SD WAN Pros and Cons: Which Deployment is Right for You?
How many branches does your company have? Maybe it’s a handful, or maybe it’s dozens of offices around the world. No matter what the answer is, chances are at least some of your users’ internet traffic is routed to a central data center before being passed onto the Internet.
This practice, also known as backhauling, is commonplace across the industry and has been going on for more than a decade. How much it happens varies, as our survey recently found:
The overwhelming majority of respondents said that they backhaul at least 80 percent of their data and application traffic, which adds both time and money to the equation. If you fall into that “more than 80%” category, you can take solace in know that you’re not the only one out there who can’t seem to move beyond a practice that’s becoming rapidly outdated in today’s marketplace.
The other piece of this equation is that, in traditional enterprise networks, hardware like switches and routers are based on dedicated Application Specific Integrated Circuits (ASICs). Each of these ASICs is configured individually by the provider, so any changes that need to be made often take a long time to occur.
SD WAN is gradually emerging as an alternative in this area and marks the beginning of a shift away from this older way of doing things. For many companies, it is a giant leap forward in network infrastructure.
SD WAN: Advantages
Broadly speaking, SD WANs offer an entirely new way of managing a network across multiple locations. They are not dependent on hardware and can dynamically load balance across multiple links to avoid the backhauling that still plagues many traditional networks today.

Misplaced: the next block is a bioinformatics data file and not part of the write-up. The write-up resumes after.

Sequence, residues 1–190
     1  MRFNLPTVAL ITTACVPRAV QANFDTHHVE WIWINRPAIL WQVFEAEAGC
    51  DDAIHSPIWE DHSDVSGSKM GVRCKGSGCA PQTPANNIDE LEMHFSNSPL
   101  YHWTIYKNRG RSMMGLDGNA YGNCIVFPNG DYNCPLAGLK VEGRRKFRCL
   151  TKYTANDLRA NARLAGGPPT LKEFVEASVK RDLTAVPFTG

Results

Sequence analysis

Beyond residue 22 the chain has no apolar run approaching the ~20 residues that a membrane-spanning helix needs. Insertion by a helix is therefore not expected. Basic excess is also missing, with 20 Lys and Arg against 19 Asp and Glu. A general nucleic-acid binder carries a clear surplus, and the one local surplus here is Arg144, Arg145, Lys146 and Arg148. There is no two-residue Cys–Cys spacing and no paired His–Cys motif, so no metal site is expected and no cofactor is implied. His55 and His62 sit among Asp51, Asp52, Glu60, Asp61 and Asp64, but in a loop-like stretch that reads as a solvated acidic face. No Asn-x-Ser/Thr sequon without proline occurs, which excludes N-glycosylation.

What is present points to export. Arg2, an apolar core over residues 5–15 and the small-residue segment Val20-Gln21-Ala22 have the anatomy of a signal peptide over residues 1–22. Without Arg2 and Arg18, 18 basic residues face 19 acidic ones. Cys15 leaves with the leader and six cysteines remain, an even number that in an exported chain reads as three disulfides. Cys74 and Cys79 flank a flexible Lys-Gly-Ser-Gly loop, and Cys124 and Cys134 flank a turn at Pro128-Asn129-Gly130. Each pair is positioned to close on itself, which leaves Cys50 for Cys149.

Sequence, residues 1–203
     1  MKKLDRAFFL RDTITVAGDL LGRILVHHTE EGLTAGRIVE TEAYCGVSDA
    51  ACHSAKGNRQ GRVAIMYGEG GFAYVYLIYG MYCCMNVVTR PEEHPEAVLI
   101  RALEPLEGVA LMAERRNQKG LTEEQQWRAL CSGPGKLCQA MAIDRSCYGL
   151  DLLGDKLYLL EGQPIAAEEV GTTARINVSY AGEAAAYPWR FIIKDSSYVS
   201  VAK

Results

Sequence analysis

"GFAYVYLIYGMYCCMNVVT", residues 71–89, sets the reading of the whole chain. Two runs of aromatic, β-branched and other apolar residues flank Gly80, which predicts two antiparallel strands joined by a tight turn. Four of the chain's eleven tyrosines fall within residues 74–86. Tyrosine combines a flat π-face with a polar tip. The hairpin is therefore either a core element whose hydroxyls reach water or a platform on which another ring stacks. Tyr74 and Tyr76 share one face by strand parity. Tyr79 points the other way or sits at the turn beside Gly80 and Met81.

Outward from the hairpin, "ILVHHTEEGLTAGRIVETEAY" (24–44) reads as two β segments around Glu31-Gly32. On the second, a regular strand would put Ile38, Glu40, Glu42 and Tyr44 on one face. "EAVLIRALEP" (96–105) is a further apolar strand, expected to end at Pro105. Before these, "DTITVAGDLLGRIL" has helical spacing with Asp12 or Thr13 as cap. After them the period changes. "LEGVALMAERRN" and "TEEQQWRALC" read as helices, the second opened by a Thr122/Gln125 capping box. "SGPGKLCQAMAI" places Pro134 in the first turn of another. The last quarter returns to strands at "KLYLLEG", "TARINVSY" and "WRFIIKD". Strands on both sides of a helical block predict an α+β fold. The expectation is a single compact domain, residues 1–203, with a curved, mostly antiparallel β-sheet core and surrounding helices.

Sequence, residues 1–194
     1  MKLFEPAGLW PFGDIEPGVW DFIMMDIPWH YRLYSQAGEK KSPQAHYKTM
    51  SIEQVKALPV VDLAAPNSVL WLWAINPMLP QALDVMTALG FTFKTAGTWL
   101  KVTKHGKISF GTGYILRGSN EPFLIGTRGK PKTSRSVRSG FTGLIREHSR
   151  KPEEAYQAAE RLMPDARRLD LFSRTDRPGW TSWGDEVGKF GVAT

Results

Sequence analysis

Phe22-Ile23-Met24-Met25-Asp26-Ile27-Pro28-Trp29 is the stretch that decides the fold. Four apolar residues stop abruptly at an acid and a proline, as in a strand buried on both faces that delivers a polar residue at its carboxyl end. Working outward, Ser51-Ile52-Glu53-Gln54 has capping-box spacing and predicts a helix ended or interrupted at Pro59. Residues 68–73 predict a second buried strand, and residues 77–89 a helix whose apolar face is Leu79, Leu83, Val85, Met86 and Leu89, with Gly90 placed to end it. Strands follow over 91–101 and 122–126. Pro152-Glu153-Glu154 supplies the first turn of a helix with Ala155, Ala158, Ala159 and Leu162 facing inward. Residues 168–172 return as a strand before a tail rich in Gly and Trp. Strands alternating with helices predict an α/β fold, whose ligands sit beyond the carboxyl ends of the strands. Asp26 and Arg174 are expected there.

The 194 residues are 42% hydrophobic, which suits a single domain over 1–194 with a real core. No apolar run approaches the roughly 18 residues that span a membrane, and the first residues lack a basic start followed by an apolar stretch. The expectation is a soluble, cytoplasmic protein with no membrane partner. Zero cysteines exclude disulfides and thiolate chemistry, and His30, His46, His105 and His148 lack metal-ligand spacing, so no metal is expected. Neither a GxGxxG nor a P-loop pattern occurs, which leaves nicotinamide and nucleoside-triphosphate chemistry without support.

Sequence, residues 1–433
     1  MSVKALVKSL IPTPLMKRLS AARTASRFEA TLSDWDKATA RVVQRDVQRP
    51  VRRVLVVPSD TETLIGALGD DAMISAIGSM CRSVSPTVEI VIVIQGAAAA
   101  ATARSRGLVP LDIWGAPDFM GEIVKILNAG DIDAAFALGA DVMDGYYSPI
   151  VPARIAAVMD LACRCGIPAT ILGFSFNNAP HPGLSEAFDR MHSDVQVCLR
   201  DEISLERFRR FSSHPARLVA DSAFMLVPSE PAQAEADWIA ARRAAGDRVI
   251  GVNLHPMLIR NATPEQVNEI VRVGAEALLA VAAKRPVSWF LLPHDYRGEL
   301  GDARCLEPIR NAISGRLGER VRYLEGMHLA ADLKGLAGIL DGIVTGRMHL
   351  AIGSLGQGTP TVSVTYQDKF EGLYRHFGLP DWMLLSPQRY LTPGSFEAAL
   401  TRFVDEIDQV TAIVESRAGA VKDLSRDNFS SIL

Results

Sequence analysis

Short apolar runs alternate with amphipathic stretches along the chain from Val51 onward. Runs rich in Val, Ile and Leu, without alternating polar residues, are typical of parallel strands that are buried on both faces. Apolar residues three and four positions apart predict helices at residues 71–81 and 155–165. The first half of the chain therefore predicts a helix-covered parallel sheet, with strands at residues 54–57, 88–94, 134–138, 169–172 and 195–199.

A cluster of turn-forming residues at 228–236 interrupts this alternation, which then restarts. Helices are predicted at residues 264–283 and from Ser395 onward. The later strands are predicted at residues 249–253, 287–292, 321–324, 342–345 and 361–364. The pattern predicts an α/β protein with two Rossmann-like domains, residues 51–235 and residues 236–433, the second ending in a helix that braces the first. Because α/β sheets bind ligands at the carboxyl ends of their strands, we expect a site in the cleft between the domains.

This functionality allows organizations to replace MPLS with an Internet-based option that can save money and increase employee productivity. If that sounds too good to be true, it’s not. Here’s a breakdown of how the process works:
- Network control is centralized in a device known as an SDN controller
- The SDN controller implements policy management
- Those tasks, such as configuration and provisioning, are automated
- Multiple WAN links in an active-active configuration are supported
- WAN optimization may or may not be supported
SD WAN: Disadvantages
As great as all of that functionality sounds, nothing is perfect, and there are some disadvantages associated with SD WANs. In most cases, they only provide an advantage when accessing cloud-based applications. They do not provide any on-site security functionality.
In addition, SD WANs are mostly a DIY operation — meaning that your IT department is responsible for planning, design, implementation, and maintenance. This means it’s essential to have staff who can build and maintain this solution. Otherwise, you could be looking a hefty price tag for bringing in outside support if something goes wrong.
SD WANs are not completely immune from slow performance, either. It’s easier to connect to the cloud, but there’s still the possibility of jitter and packet loss once you’re there. This is one area where you’ll need to carefully weigh the benefits and drawbacks, especially if you are part of a digital business.
Decide for Yourself
In determining whether or not to implement an SD WAN for your organization, you need to consider where your employees are located and what their needs are. Do they work mostly in the cloud, or do they need to access on-site data? Does your company have the resources necessary to build and maintain an SD WAN?
You’ve seen, the benefits of an SD WAN can be great, but only if you have the needs and the resources to support one. Our white paper on MPLS alternatives delves deeper into this topic to give you a better understanding of whether SD WAN is right for you.
For further reading check out our whitepaper on why enterprise WANs are critical to the successful migration of unified communications and contact center applications to the cloud.